>>>>>> On 18 February 2014 09:17, Lulu Zeng <luluzengnz@gmail.com> wrote:
>>>>>>> Dear Nick,
>>>>>>>
>>>>>>> My apologies for the unclear description.
>>>>>>>
>>>>>>> 1. I have 2 variables in Stata, one variable holds the 1200 known,
>>>>>>> discrete values I want to draw; the other holds the corresponding
>>>>>>> probabilities.
>>>>>>>
>>>>>>> 2. The 2 variables are associated with a parameter (attribute) of a
>>>>>>> random utility model. I am trying to draw from the distribution of
>>>>>>> this parameter of interest, and then divide it by the price parameter
>>>>>>> (which similarly has 2 associated variables too) to obtain a
>>>>>>> distribution of willingness to pay.
>>>>>>>
>>>>>>>
>>>>>>> Best Regards,
>>>>>>> Lulu
>>>>>>>
>>>>>>>
>>>>>>>
>>>>>>>
>>>>>>> On Tue, Feb 18, 2014 at 7:47 PM, Nick Cox <njcoxstata@gmail.com> wrote:
>>>>>>>> You have not, so far as I can see, specified
>>>>>>>>
>>>>>>>> 1. How you are holding information on your distribution. Is it 1200
>>>>>>>> known values with associated probabilities (so as two variables in
>>>>>>>> Stata), or is the information still outside Stata in some form?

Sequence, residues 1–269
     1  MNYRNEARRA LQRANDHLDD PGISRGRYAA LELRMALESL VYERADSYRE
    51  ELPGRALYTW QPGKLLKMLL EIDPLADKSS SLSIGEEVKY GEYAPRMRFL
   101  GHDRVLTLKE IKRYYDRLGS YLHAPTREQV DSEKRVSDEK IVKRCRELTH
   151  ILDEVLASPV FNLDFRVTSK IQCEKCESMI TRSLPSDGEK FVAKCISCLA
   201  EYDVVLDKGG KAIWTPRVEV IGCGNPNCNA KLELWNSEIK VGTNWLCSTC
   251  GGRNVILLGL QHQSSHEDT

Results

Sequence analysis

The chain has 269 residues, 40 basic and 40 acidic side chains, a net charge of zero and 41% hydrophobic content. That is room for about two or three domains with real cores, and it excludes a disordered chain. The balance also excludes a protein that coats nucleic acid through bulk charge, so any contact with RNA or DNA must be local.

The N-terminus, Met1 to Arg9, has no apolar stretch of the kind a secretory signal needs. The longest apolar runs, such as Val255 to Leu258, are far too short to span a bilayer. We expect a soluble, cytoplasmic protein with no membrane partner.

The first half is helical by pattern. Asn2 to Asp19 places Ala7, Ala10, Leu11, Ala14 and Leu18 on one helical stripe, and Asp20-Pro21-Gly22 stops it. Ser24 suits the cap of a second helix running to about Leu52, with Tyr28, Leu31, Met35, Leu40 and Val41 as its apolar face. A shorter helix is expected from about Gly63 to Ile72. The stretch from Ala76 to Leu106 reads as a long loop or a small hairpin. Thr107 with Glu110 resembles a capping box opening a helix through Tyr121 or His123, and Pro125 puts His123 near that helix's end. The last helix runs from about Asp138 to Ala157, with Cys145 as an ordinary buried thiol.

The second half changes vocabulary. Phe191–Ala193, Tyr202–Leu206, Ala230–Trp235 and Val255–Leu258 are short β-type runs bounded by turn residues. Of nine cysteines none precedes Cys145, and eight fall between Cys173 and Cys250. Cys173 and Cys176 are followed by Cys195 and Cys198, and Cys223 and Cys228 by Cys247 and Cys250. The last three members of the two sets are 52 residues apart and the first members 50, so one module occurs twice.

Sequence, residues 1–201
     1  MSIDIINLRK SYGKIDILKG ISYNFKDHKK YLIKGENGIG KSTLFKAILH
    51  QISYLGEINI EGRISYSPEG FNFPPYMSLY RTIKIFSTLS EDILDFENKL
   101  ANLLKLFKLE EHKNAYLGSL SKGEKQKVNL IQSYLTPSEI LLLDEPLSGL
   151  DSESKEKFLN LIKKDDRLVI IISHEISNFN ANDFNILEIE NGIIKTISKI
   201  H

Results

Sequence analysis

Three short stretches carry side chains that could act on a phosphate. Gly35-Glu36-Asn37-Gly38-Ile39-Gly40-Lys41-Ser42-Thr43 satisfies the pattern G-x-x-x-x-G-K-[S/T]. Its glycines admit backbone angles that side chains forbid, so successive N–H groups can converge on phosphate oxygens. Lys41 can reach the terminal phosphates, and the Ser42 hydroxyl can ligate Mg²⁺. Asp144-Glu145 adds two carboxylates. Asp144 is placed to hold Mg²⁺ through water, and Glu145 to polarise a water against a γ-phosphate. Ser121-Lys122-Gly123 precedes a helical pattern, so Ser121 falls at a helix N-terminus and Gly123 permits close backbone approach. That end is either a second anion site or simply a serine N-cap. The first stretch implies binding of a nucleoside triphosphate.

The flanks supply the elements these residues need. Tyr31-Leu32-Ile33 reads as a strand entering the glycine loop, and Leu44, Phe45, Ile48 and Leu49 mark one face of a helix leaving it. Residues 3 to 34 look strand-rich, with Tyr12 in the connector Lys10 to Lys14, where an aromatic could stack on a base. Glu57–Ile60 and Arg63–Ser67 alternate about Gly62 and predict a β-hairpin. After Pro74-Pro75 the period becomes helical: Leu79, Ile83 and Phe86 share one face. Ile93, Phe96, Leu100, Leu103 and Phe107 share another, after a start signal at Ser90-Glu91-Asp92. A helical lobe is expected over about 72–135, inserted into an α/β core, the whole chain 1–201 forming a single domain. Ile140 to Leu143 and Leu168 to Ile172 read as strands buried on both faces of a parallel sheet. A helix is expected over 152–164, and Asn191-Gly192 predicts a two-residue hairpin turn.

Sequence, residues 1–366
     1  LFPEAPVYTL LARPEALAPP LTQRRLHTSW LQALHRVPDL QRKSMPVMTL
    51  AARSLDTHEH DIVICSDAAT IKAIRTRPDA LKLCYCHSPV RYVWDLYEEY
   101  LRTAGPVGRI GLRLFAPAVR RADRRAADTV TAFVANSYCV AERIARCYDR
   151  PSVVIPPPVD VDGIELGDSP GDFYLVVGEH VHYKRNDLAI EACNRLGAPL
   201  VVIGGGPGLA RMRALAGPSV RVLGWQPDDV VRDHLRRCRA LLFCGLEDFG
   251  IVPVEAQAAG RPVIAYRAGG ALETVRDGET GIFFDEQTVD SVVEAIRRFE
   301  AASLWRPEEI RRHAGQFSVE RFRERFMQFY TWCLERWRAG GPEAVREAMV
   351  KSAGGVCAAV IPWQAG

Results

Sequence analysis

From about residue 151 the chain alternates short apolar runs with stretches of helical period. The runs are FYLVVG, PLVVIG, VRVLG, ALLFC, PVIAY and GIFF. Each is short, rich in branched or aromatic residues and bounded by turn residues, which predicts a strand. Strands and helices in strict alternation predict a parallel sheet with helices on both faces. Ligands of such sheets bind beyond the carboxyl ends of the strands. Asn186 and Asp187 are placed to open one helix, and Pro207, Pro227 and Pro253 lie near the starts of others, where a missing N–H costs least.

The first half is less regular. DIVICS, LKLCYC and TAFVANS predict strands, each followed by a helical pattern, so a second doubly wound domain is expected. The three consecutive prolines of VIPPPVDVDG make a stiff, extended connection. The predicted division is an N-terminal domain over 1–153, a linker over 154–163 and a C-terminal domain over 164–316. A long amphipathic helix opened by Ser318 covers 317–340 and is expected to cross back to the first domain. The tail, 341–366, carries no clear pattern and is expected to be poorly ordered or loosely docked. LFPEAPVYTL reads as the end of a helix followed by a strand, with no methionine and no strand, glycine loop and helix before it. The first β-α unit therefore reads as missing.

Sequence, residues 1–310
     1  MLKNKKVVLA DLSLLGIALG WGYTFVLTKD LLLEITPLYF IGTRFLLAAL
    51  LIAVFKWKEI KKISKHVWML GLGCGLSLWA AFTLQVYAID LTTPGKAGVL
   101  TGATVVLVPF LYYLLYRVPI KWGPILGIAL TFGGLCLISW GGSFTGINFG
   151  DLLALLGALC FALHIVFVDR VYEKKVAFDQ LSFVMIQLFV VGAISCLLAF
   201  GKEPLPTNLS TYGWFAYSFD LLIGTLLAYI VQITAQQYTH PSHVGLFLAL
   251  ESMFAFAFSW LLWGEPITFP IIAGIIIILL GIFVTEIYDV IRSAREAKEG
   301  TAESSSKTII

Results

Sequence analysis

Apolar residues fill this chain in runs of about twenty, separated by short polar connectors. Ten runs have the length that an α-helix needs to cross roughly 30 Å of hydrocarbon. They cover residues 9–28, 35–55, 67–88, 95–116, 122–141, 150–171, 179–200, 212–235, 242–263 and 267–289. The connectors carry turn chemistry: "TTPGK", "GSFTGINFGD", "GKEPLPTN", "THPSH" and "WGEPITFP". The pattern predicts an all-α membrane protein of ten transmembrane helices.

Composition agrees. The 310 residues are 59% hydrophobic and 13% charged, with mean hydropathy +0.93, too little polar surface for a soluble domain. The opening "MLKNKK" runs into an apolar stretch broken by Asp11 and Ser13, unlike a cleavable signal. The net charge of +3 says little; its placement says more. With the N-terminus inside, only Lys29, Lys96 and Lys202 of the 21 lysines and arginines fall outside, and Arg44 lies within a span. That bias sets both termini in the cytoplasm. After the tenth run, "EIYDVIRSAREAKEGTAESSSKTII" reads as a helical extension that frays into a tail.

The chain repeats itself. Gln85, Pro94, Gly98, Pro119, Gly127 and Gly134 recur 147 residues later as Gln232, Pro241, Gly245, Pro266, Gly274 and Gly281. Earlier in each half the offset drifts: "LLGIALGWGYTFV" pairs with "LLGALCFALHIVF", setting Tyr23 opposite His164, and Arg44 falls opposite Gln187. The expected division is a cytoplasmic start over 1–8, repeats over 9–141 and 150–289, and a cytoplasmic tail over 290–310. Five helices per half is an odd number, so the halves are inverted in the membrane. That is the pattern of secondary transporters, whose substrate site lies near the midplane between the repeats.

>>>>>>>>
>>>>>>>> 2. What you expect to draw as a sample.
>>>>>>>> Nick
>>>>>>>> njcoxstata@gmail.com
>>>>>>>>
>>>>>>>>
>>>>>>>> On 18 February 2014 03:58, Lulu Zeng <luluzengnz@gmail.com> wrote:
>>>>>>>>> Dear Scott,
>>>>>>>>>
>>>>>>>>> Thank you for your response. My apologies that I am still a little
>>>>>>>>> confused about how to do this in my case where I have 1,200
>>>>>>>>> observation. Can I still use the cond() command without typing in each
>>>>>>>>> point of the draw?
>>>>>>>>>
>>>>>>>>> Best Regards,
>>>>>>>>> Lulu
>>>>>>>>>
>>>>>>>>> On Tue, Feb 18, 2014 at 1:50 PM, Scott Merryman
>>>>>>>>> <scott.merryman@gmail.com> wrote:
>>>>>>>>>> http://www.stata.com/statalist/archive/2012-08/msg00256.html
>>>>>>>>>>
>>>>>>>>>> and the links within.
>>>>>>>>>>
>>>>>>>>>> Scott
>>>>>>>>>>
>>>>>>>>>>
>>>>>>>>>> On Sun, Feb 16, 2014 at 9:15 PM, Lulu Zeng <luluzengnz@gmail.com> wrote:
>>>>>>>>>>> Dear Statalist,
>>>>>>>>>>>
>>>>>>>>>>> I am seeking help with taking draws from a known, non-regular (not
>>>>>>>>>>> normal or lognormal etc), discrete distribution.
>>>>>>>>>>>
>>>>>>>>>>> For example, taking draws from a distribution like the one below.
>>>>>>>>>>> However, in my case I have 1,200 points instead of the 4 points given
>>>>>>>>>>> in the example.
>>>>>>>>>>>
>>>>>>>>>>> Draw value     Probability
>>>>>>>>>>>
>>>>>>>>>>>     0.5                0.15
>>>>>>>>>>>
>>>>>>>>>>>     0.6                0.30
>>>>>>>>>>>
>>>>>>>>>>>     0.2                0.25
>>>>>>>>>>>
>>>>>>>>>>>     0.9                0.30
>>>>>>>>>>>
>>>>>>>>>>> The "draw value" is the value to be drawn, "probability" is the chance
>>>>>>>>>>> each value be drawn, so it adds up to 1.